PN Review Print and Online Poetry Magazine
News and Notes
PN Review Prize winners announced
Carcanet Press and PN Review are delighted to announce the winners of the first ever PN Review Prize. read more
Most Read... Drew MilneTom Raworth’s Writing
‘present past improved’: Tom Raworth’s Writing

(PN Review 236)
Vahni CapildeoOn Judging Prizes, & Reading More than Six Really Good Books
(PN Review 237)
Alejandro Fernandez-OsorioPomace (trans. James Womack)
(PN Review 236)
Kei MillerIn the Shadow of Derek Walcott

(PN Review 235)
Kate BinghamPuddle
(PN Review 236)
Eavan BolandA Lyric Voice at Bay
(PN Review 121)
Poems Articles Interviews Reports Reviews Contributors
Gratis Ad 1
Gratis Ad 2
Next Issue CELEBRATING JOHN ASHBERY Contributors include Mark Ford, Marina Warner, Jeremy Over, Theophilus Kwek, Sam Riviere, Luke Kennard, Philip Terry,Agnes Lehoczky, Emily Critchley, Oli Hazard and others Miles Champion The Gold Standard Rebecca Watts The Cult of the Noble Amateur Marina Tsvetaeva ‘My desire has the features of a woman’: Two Letters translated by Christopher Whyte Iain Bamforth Black and White

This poem is taken from PN Review 140, Volume 27 Number 6, July - August 2001.

In Praise of Shlomo Ibn Ghiyyat (translated by Gabriel Levin) Yehuda Halevi

Born in northern Spain some time before 1075, Yehuda Halevi is considered one of the great Hebrew poets of the golden age of Andalusian arts and letters. Following the Arabo-Andalusian literary tradition, he wrote courtly love poems, bridal songs, encomiums, wine poems, elegies, invectives, gnomic poetry, poems of friendship, and a large corpus of liturgical poems. Known among his Arab compatriots as Abul-l-Hassan Ibn Hallewi, Halevi wrote as well, in Judeo-Arabic, The Kuzari, a highly influential religious-philosophical treatise. In 1140, as tensions mounted between the Muslims in the south and the Christians in the north of Spain, the poet decided to leave his home in Cordoba and sail for the Holy Land. Halevi arrived in Alexandria to a hero's welcome in September 1140, and recorded the perilous sea voyage in a magnificent sequence of poems. The aging poet remained in Egypt for nine months before sailing for Acre on the northern coast of Palestine. In October and November (1141), in two separate letters written by friends of the poet's in Egypt, mention is made of his demise in July. Although it is reasonable to assume that he reached the shores of Palestine and perhaps even made a short pilgrimage to Jerusalem (under Christian rule since 1099) as he had so desired the exact location and the circumstances surrounding his death have remained open to conjecture.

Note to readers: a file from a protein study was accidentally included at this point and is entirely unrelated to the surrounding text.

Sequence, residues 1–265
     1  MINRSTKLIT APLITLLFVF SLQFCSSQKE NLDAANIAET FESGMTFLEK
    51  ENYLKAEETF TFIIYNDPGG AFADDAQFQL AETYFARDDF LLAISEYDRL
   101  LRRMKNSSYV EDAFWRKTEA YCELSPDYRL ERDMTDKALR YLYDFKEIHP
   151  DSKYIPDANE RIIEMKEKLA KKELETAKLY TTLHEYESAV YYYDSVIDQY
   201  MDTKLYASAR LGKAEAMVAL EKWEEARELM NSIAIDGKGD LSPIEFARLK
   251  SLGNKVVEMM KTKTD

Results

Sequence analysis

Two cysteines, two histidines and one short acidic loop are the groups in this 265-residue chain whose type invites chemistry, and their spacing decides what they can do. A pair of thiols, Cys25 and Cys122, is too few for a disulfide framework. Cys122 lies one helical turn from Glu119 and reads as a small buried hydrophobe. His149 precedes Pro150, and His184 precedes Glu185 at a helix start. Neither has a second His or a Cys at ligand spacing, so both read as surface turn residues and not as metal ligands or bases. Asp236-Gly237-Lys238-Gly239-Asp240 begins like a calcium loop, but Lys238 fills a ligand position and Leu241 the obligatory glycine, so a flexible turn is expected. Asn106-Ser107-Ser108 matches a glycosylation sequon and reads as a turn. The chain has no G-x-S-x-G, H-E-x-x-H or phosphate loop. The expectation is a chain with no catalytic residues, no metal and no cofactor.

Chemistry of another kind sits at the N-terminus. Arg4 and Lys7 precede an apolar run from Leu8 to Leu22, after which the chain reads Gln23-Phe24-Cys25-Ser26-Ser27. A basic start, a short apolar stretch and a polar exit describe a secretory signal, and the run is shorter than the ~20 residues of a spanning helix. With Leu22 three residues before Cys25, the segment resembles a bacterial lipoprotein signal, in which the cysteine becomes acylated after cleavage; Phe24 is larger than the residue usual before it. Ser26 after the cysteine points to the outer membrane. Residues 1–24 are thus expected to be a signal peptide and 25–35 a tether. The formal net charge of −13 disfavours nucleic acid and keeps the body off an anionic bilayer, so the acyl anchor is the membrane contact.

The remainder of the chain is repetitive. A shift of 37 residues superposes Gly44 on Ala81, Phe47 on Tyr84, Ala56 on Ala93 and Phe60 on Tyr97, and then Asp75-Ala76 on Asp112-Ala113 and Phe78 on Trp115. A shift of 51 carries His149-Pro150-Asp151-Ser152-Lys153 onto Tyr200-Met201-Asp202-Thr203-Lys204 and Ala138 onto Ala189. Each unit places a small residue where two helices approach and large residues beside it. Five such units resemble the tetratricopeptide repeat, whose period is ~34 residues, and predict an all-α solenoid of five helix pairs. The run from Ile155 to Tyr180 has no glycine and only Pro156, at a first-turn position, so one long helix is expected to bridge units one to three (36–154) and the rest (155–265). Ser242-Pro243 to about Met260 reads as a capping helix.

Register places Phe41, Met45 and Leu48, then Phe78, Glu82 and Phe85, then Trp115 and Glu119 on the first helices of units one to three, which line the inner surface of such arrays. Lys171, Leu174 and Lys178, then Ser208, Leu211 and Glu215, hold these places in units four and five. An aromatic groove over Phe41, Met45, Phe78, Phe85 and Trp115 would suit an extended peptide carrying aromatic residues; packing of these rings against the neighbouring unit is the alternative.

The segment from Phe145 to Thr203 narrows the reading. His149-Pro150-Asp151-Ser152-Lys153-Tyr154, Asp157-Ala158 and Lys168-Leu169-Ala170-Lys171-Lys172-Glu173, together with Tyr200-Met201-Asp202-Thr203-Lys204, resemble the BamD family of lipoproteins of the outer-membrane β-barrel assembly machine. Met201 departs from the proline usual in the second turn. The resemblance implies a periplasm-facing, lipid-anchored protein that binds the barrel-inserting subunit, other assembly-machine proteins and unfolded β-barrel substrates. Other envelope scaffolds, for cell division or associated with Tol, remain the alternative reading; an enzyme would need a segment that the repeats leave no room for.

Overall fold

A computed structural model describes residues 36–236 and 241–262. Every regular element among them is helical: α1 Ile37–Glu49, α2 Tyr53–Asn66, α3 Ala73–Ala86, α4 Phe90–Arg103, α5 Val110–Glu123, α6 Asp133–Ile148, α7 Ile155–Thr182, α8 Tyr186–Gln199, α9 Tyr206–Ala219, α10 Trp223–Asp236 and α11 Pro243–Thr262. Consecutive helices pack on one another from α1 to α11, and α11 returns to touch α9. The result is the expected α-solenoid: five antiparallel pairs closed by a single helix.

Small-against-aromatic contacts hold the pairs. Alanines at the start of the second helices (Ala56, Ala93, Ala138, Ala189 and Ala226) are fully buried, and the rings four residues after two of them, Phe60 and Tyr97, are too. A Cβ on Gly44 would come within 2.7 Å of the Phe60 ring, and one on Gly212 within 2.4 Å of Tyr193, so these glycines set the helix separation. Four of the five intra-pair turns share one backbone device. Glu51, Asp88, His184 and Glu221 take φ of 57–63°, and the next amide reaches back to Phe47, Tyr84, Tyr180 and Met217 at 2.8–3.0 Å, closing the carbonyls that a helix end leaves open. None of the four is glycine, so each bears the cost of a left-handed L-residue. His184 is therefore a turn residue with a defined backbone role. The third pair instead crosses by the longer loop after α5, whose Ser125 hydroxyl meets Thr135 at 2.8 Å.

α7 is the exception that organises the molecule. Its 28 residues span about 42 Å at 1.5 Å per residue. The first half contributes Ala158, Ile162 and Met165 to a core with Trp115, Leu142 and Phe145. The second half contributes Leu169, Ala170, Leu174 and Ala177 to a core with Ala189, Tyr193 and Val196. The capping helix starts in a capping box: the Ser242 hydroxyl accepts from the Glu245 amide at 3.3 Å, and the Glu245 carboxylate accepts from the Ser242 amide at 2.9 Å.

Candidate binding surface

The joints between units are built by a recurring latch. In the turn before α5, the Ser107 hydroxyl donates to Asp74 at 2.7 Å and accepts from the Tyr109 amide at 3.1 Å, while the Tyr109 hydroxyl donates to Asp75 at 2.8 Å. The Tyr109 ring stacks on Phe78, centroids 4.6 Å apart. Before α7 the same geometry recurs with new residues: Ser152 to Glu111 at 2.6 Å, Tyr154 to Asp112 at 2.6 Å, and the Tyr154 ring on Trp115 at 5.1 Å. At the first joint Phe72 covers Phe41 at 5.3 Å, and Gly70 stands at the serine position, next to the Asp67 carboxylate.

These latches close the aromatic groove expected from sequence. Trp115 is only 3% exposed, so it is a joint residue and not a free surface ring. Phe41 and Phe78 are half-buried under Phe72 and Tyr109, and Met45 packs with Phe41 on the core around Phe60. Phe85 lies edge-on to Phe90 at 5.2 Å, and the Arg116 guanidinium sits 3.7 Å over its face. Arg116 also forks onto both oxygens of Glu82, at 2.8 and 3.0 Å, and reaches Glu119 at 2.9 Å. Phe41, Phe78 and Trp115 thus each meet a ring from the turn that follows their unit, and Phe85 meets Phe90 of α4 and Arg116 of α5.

A generous eye roams as a merchant,
taking sleeplessness and giving pearls and onyx -
crystal drops whose beads, if not for their scalding grief,
would string together like a necklace -
it wanders softly weeping over the ruins of the lover's dwelling
neither hearing nor speaking a word.
The hand of parting that scattered their encampment
now razes the walls of my heart.
How strange, as if I'd never set eyes on the place,
though heart intuits what my eyes estrange.
Before the Lord is the wanderer's path bearing sleep
of a bountiful eye that squanders its riches.
I might find comfort in the departure of troop upon troop -
if the constellations but sparked a reminder:
now the moon binds the queen, believing
it has shifted and sunk like lead into the western sea,

Searching, please wait... animated waiting image